The destroyer transited the Panama Canal on 17 June 1942 and entered Trujillo Bay, Honduras, on 21 June with Commander Patrol Squadron 3 embarked to direct operations of the squadron on special patrols in conjunction with other naval units attempting to locate Axis submarine bases. After being contacted by patrol planes, a party from Goldsborough boarded Honduran merchant ship Laguna on 25 June and the Honduran merchant ship Racer the following day. Both were turned over to British authorities at Belize. On 3 July Goldsborough departed Puerta Castilla for Portland Bight, Jamaica. Here she tended aircraft on special patrols in the protection of convoys between Cuba and the Panama Canal. She arrived at the Charleston Navy Yard from Jamaica 2 October 1942 for repairs, followed by gunnery practice in the Chesapeake Bay.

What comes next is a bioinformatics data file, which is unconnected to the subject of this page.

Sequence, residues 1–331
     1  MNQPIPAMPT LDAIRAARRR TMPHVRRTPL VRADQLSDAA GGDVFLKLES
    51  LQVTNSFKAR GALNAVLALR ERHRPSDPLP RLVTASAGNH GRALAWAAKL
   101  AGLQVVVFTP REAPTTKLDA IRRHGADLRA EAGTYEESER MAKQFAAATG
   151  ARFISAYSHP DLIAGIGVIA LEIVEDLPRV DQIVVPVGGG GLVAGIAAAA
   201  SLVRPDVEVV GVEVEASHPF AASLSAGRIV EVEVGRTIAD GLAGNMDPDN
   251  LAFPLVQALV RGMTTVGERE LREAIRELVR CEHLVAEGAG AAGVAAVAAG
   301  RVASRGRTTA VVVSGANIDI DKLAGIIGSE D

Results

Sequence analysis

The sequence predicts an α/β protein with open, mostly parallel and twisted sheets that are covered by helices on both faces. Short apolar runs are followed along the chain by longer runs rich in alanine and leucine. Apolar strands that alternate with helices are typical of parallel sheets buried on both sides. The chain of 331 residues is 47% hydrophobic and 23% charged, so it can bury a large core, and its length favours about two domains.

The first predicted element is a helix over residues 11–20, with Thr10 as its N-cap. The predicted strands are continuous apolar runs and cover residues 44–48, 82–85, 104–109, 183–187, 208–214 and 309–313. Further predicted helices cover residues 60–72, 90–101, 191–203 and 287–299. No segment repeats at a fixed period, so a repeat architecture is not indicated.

Goldsborough departed Norfolk 30 October 1942 to escort the seaplane tender Pocomoke to Panama and the seaplane tender Albemarle to aviation patrol bases at San Juan, Puerto Rico; Trinidad; and Bermuda, Florida. She returned to Norfolk on 30 November 1942 to spend the following year as escort for Albemarle while carrying men, aeronautical cargo, and aircraft of Fleet Air Wings of the U.S. Atlantic Fleet to Guantanamo Bay; Trinidad; Bermuda; San Juan; and Recife, Brazil. She returned to Norfolk on the last of these missions 5 September 1943. After patrolling with the USS Core antisubmarine warfare task group from 5 October-15 November 1943, Goldsborough was redesignated DD-188 on 1 December 1943.